Fig. 1 Leaf water potential (LWP) or vine moisture status in millipascals (mPa), with and without cover crops in (A) 2004 and (B) 2005. “Tilled” means all cover crops were turned under with a disk; “untilled” means the dried aftermath of annual cover crops was left on the surface of the vineyard floor. Tilled, a standard grower practice, is the control. Untilled represents the average of pressure bomb readings taken from all 22 cover crops in 2004. In 2005, readings were taken more randomly within the untilled portion of the trial. In 2004, vines were irrigated during the weeks of July 2 and 22; in 2005, irrigation was during the weeks of July 21 and 28.
It is not possible to analyze in detail the impact of the different surface treatments on evapotranspiration, since we did not measure the impact of the treatments on the storage of winter rainfall. However, the fact that vine water status with cover crops was only modestly lower than with tillage prior to irrigation, and actually somewhat higher after the 2004 irrigations, indicates that cover-crop water usage did not result in excessive plant water stress. In 2005, there were no significant differences in vine leaf water potential in either the pre- or postirrigation periods (fig. 1). This was likely because there was more rainfall later in the spring and presumably higher soil water levels as the summer progressed in 2005. We conclude that while cover crops certainly consume water, the magnitude of this evapotranspiration must be relatively small and may be offset by improved infiltration and storage of winter rainfall. Additionally, the dried vegetation aftermath in cover-cropped areas offers considerable protection against erosion when fall rains resume, a definite benefit to water quality during winter precipitation.
Choosing cover crops for vineyards
Numerous species performed well in the initial year of seeding. Top performers for biomass production included the crimson, balansa, rose and subterranean clovers, similar to previous studies (Bugg et al. 1996; McGourty 2006). As a group, the medics did not grow as well as subterranean clovers under Lake County conditions. However, they persisted better than some of the others tested, including Persian, ‘Flame’ crimson and rose clovers.
Persistence is dependent on the production of hard seed that can survive for several years before germinating, as well as successful germination each season. Subterranean clover has a definite advantage, generating a large amount of hard seed. Most importantly, it can actually preplant its seeds into the ground; seedpods develop on pegs (like peanuts) after flowering, and the seed matures in the soil, protected from feeding by birds and rodents. The seed is then ready to germinate when conditions are optimal.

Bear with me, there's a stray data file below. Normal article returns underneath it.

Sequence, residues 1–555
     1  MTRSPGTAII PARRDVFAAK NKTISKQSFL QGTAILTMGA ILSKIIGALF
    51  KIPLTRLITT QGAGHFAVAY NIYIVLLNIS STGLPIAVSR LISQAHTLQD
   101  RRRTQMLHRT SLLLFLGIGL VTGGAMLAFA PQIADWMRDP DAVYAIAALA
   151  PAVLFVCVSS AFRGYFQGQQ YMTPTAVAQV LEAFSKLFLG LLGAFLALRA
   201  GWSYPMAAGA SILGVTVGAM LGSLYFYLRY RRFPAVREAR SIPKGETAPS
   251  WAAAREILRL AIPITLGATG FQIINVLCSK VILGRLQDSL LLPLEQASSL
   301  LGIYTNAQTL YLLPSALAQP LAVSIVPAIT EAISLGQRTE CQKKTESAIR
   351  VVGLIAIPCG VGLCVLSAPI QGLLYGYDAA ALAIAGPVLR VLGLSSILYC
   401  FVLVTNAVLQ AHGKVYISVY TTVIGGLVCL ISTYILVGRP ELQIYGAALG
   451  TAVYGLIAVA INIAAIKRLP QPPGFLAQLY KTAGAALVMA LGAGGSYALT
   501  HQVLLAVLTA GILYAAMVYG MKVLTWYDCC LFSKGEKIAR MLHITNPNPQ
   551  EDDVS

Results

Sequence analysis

Balansa clover also performed well, although its percent cover of the sward declined somewhat over time. This species is likely to persist and flowers prolifically, making it potentially useful as an insectary plant for generalist predatory and parasitoid insects and mites.
The cover crops that declined over time in this study were usually displaced by annual weeds also found in the control plots. In our practical experience, it is not unusual for subterranean clover and bur medic stands to increase and decrease over time, since rainfall and distribution can greatly affect seed emergence at the beginning of their growth period in the fall.
All of the species tested are suitable as cover crops for vineyards in the North Coast region, and many performed well at our high-elevation test site. While some may not persist for long, they would still be useful as cover crops even if they require annual reseeding. Subterranean clovers persisted the best of the cover-crop species that we evaluated. Subterranean clovers are categorized by the amount of winter dormancy that is required before vegetative growth and flowering will occur in the spring (table 1). These cultivars with short winter dormancy are best for warm winter areas with limited rainfall, because they complete their growth cycles in less time. Cultivars with longer winter dormancies are best suited for areas with longer winters and more rainfall, and they tend to produce more biomass than cultivars with shorter winter dormancies. Selections from all the dormancy categories also performed well, although in practice, most growers are using long-dormancy selections such as ‘Antas’, ‘Koala’ and ‘Mt. Barker’.